In this case, you need to add a "Router" module, which will take the output of the HTTP module and send it to two separate modules in parallel. Your scenario should now look like this:

HTTP and router

Next, click on the "+" icon that appears in the middle of the Router module when you hover over it. That should spawn two flows into modules with a "?" in each of them:

Router flow

The question mark essentially means that those modules aren't doing anything yet, but will be receiving identical copies of the data flowing out of the HTTP module. What you'll be doing for each is configuring an Airtable module that will update one of the rows in our metrics table.

Click on one of the "?" modules, and you'll be presented with a menu to choose what type of module you want, based on the selections you made when the scenario was created:

Module menu

Choose the Airtable module, and then choose the "Update a record" option:

Update a record

The first step is to add a "Connection" with Airtable, using your API key. Name it something meaningful and then copy the exact value of your API key from earlier in the tutorial:

Create airtable connection

NOTE: For the rest of the tutorial, I'll be using my already created Airtable connection, so it may appear with a different name.

Now you'll see the familiar module configuration UI, except with some different options from the HTTP module.

First, choose your " metrics" base from the "Base" dropdown. Since the API key lets Integromat query your Airtable account, it should already be populated with your active bases:

Added base name

Next, choose the table name from the "Table" dropdown. There should only be one table in the base, named "Table 1"(unless you changed it):

Added table name

Now you'll need the Record ID to specify which record you'll be updating.

Go back to your Airtable base, and find the Record ID value for "Total Post Views", and enter it in the field:

Entered record ID

Now the Integromat UI will display all the fields in the record that it can potentially update, in this case "Name" and "Count". You've already defined the name, so "Count" is what you'll have Integromat update:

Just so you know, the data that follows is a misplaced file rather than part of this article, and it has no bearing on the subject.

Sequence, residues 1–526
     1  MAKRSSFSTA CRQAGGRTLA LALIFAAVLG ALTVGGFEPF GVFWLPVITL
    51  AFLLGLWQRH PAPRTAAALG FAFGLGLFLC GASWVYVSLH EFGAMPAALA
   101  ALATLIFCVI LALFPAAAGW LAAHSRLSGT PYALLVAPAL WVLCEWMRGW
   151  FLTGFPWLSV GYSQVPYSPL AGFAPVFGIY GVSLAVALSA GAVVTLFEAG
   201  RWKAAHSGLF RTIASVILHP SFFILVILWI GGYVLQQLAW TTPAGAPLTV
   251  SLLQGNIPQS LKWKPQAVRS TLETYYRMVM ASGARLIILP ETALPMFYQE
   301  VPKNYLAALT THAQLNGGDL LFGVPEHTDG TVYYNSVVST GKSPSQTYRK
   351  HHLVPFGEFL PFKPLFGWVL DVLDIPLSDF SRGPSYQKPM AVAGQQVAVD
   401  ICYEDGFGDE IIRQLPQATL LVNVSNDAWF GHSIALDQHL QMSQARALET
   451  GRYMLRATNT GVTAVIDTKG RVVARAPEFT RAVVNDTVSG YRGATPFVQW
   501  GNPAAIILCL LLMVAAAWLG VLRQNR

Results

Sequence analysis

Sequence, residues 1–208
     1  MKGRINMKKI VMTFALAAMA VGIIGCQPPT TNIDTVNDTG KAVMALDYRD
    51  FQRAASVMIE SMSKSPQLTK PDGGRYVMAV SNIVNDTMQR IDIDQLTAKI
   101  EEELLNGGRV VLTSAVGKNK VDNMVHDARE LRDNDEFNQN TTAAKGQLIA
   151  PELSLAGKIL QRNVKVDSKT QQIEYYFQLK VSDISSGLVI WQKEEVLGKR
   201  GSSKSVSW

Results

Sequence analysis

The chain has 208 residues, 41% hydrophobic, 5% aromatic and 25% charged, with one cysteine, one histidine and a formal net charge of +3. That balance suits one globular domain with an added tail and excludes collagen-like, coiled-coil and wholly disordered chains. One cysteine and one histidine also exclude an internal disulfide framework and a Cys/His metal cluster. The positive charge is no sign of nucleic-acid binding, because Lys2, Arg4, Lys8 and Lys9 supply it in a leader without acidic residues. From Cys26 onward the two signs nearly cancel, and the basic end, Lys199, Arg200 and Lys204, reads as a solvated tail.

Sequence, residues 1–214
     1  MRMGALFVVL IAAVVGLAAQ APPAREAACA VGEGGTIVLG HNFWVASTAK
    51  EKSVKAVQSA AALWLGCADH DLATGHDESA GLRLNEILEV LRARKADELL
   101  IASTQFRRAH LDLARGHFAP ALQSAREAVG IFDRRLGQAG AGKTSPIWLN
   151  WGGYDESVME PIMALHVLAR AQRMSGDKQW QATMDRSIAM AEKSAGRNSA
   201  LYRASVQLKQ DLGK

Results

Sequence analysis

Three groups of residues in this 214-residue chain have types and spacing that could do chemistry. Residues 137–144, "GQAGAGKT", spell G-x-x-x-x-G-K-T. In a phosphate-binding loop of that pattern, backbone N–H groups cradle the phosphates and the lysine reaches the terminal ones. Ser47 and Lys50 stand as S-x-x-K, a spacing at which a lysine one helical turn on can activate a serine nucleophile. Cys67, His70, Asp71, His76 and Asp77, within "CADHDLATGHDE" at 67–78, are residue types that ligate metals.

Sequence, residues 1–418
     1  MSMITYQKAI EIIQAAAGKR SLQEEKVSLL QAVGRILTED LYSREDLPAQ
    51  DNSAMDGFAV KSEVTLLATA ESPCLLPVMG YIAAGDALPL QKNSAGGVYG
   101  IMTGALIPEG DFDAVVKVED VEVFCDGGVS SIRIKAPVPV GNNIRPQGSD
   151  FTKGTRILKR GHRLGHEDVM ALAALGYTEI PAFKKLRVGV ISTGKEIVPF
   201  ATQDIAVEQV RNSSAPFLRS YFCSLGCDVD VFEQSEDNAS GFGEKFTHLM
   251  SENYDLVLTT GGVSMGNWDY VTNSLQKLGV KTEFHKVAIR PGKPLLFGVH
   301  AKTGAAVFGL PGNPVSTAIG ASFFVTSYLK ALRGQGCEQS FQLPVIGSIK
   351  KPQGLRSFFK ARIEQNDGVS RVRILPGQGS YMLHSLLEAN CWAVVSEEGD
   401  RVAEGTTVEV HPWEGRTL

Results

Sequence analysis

Record fields

The next part is a bit trickier. It involves utilizing some of the formula functions that Integromat provides, as well as parsing some of the data.

In summary: you'll be telling Integromat to run the sum function across the page_views_count field for each post in the Data[] object that the HTTP module outputs.

Whew! It sounds complicated, but as you gain experience with how Integromat handles data, it will become second nature.

When you click in the "Count" field, you'll see a pop-up UI that contains data, formulas, and other functions that Integromat provides. Again, a topic for another day. Thankfully, Integromat has a pretty good autocompletion system.

First, type sum(map(:

sum and map

You'll know autocompletion is working when they turn into grey-background formula components.

Next, click the blue Data[] box in the pop-up UI:

Added data

To finish, type ;page_views_count)). It should look like this when completed:

Completed count formula

All done! Go ahead and click "OK" to close out the module configuration.

Your scenario should now look similar to this:

One Airtable module

You're not quite done, but the automation is ready for a test drive! Click the "Run Once" button again. Once the flow completes, click the bubble above the newly created module to verify the data passed through correctly:

Airtable post view data

Now, go take a look at your Airtable base:

Airtable base with post view count

Notice how the "Total Post View" "Count" field has been updated with a number? It works! Integromat can now pull that data from and populate Airtable with it, automatically.

Next, you'll be doing nearly the same thing to update the "Total Reaction Count" record, using the remaining module. The steps are as follows:

  1. Click the "?" module, and choose "Airtable"
  2. Choose your existing Airtable Connection
  3. Choose the same Base and Table from the dropdown.
  4. Enter the "Record ID" from the "Total Reaction Count" record in Airtable(this will be different than the first module)
  5. Enter the same formula in the "Count" field in Integromat, except change page_view_count to public_reactions_count.

Before clicking "OK", validate that it looks similar to this:

Airtable reaction count module

Congratulations, the hard part is over! Click "Run Once" to test once more, checking your Airtable base:

Airtable base with updated reaction count

Now Integromat can update both records automatically.

All you've got left to do is some configuration, and you're finished.

Right-clicking on modules in the Scenario UI provides various options, in this case go ahead and rename each Airtable module to describe what it's doing. See my scenario after renaming:

Renamed Airtable modules

First thing's first, go ahead and save all your hard work:

Save button

Next, you'll need to turn the Scenario "on", and set a schedule for it to run:

Turn on

A note on schedule: Integromat tracks usage by data transfer and number of operations. A free plan allows for 1000 operations and 100mb of data transfer in a monthly period. For this use case, it's highly unlikely you'll hit the data cap(I'm still at 1%). However, operations can add up quickly. Set an interval to run that makes sense for your use case. If you're a prolific poster, and like a tight feedback loop, I'd recommend a shorter interval. If you're happy to check every couple of days, widen it a bit:

Scenario scheduling

Click "Save" again, and you're all set. You've got automation to pull social metrics into an external datastore, with the potential of building out a complete, no-code social metrics dashboard.

Thanks for reading, stay healthy and safe!

Top comments (0)